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Celebrity Copycats: What It Takes to Be a Star Impersonator


Beyonce and her doppelgangers pose for a photo. Carlo Allegri/Getty Images
Beyonce and her doppelgangers pose for a photo. Carlo Allegri/Getty Images

Do people constantly stop you on the street, asking for a picture because they've mistaken you for a celebrity? Or do you just believe that you clearly look like Heidi Klum, and it's super weird that no one talks about it?

If either of these questions ring true, congrats — you just might have a career as  an impersonator. But don't think that all it takes is a pretty (or distinctive) face.

Denise Bella Vlasis is the owner of Tribute Productions Talent & Entertainment and has worked as a Madonna impersonator for 28 years. She represents a sizable stable of look-alike talent and knows that bone structure can only take you so far. "The advice I give over and over to new talents ... is that it is not enough to look like someone," she says in an email.

Vlasis estimates she gets about 10 emails a day from people who simply look like someone and want a job as an impersonator. "Working in the entertainment industry is a full-time commitment," Vlasis says. "To have success in any form of entertainment, one must approach it as a business. So before you try to get hired you have to have something to offer [or] sell. You are an act and that product should be polished and ready to go. This takes years of refining, and reworking."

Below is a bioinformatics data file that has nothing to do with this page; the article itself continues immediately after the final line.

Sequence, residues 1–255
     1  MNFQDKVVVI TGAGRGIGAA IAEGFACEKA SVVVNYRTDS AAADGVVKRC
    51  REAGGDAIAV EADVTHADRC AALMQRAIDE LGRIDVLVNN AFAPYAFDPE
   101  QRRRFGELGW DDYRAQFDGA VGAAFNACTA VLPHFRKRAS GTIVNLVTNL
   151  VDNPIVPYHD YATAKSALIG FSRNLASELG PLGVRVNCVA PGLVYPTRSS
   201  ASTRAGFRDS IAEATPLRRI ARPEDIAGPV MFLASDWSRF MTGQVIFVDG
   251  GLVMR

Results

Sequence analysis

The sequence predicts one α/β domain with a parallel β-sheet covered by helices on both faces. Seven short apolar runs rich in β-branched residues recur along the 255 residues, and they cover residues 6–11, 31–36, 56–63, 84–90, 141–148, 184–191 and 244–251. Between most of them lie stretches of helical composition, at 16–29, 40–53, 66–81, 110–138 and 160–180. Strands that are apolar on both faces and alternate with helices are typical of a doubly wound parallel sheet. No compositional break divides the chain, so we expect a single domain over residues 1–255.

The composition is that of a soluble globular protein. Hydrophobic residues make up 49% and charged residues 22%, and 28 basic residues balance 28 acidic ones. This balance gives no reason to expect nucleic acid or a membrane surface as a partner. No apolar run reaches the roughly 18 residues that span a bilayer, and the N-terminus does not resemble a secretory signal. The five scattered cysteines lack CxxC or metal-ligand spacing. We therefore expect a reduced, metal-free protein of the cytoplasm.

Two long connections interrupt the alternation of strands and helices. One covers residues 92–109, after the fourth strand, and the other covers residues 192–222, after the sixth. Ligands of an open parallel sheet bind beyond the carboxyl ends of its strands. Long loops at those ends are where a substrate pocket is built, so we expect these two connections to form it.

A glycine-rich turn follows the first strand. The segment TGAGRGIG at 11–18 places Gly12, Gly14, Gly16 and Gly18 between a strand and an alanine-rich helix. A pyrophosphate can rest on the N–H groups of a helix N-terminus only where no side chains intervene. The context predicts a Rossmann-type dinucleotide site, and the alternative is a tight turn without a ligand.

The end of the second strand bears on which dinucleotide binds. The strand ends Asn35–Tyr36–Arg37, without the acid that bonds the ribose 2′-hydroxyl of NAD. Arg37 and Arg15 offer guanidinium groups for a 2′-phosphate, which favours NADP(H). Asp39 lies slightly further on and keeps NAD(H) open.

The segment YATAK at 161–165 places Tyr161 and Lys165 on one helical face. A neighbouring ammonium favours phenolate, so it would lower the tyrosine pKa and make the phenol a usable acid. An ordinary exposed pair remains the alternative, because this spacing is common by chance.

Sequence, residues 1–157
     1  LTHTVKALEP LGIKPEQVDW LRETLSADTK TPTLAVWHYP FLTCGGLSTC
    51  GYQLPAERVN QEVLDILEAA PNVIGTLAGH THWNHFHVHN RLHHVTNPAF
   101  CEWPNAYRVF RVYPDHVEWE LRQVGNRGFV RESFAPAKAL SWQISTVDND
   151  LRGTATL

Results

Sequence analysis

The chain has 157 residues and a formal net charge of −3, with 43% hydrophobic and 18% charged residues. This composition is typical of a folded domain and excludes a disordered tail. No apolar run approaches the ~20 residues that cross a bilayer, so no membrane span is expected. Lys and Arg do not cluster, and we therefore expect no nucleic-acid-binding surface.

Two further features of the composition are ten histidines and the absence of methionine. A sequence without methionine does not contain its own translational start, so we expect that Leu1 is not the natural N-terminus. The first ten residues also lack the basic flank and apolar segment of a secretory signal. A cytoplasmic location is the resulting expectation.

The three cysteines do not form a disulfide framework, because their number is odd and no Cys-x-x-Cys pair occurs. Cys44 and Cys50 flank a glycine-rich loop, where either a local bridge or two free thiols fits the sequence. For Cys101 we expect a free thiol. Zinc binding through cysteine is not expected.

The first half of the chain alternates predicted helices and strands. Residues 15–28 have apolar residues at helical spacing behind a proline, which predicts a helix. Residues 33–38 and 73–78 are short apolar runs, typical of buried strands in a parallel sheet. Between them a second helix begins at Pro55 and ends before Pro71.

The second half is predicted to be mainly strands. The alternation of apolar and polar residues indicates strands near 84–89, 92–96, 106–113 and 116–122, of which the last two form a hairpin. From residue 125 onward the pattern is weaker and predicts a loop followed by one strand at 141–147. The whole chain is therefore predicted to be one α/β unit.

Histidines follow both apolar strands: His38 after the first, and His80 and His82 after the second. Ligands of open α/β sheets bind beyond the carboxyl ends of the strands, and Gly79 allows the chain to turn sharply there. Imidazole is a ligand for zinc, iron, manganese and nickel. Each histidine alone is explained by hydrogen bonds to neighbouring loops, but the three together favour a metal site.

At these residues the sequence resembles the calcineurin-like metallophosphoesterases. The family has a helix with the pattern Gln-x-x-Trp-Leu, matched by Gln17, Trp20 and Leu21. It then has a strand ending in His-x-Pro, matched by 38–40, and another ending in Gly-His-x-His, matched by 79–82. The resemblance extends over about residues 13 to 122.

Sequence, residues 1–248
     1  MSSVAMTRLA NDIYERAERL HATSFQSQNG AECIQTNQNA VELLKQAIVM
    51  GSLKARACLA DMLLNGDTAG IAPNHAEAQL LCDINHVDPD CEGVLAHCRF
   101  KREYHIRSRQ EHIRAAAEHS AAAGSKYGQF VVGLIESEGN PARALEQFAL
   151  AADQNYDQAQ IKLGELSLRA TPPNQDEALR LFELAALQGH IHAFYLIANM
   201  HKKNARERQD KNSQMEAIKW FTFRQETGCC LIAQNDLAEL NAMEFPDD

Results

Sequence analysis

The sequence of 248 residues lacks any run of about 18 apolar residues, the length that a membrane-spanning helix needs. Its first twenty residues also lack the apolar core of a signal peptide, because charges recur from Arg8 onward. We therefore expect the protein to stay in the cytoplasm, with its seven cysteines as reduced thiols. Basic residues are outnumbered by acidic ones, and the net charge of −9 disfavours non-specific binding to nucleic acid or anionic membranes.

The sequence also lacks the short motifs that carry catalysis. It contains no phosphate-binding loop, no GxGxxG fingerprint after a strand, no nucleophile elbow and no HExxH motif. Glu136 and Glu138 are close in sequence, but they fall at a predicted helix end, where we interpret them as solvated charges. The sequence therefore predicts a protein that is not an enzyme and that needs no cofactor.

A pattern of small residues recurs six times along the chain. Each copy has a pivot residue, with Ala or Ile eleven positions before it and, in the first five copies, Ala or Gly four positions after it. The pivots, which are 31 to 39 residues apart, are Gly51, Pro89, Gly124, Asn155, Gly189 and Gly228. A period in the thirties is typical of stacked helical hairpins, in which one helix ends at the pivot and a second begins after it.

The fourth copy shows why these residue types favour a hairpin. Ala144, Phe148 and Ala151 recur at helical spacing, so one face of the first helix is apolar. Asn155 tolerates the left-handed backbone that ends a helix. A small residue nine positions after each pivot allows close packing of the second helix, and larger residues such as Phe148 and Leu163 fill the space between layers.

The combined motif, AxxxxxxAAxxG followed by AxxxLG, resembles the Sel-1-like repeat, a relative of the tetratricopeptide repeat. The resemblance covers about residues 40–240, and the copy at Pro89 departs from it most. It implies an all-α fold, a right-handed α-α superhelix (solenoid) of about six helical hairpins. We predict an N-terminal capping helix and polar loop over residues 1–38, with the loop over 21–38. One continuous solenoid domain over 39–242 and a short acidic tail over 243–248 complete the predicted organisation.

So does a diva impersonator, for instance, need to have a star-caliber voice to go with the act? Vlasis cautions that while you don't need perfect pitch or pipes, you do need to compensate. "If you happen to look like Whitney Houston but can't sing a note, then you will need to think of other creative ways to sell your 'Whitney' as an interactive experience," she says. If you can bring a presence to your impression that makes people feel like they're talking to a star, she points out, it just might work.

While Elvis is always a go-to, Vlasis says to keep an eye on pop culture to see what's popular. "Madonna, Janet Jackson and Cher requests have been overshadowed by the likes of Lady Gaga, Beyoncé, Katy Perry and Taylor Swift requests in the past decade," she says. "Typically whatever is 'hot' or talked about in the media will bring a resurgence to look-alike [or] impersonator requests."

So, what kind of impersonator gets the most work? "Musician impersonators have an advantage as they have a 'show [or] performance' they can sell," Vlasis says. But a tribute act isn't the one that is the most successful, in Vlasis' experience.

Mitt Romney impersonator Mike Cote and Barack Obama impersonator Louis Ortiz in Times Square in 2012. Ortiz, the "Bronx Obama," makes a pretty profitable career out of his appearance.
Mitt Romney impersonator Mike Cote and Barack Obama impersonator Louis Ortiz in Times Square in 2012. Ortiz, the "Bronx Obama," makes a pretty profitable career out of his appearance.
DON EMMERT/AFP/GettyImage

"The impersonators who bring in the most business by far are the 'politicians,'" Vlasis says. "What is interesting about a political look-alike is that their character will still be requested years after they leave office. There will always be the parody performances and humorous situations where these characters are in demand. Political impersonators are probably the most well-paid out of the bunch."

While you can make some money in the profession, you have to have drive — and authenticity, to an extent. "When an artist has a passion that is undeniable, one can feel that sincerity and it will reveal itself through the performance," Vlasis says. "I think many talents who end up working as an impersonator are 'stars within their own right' — and quite possibly didn't have the same opportunity as their celebrity."

"I think the look-alike talent shines because they have just as much talent to shine no matter what [or] who they are performing as."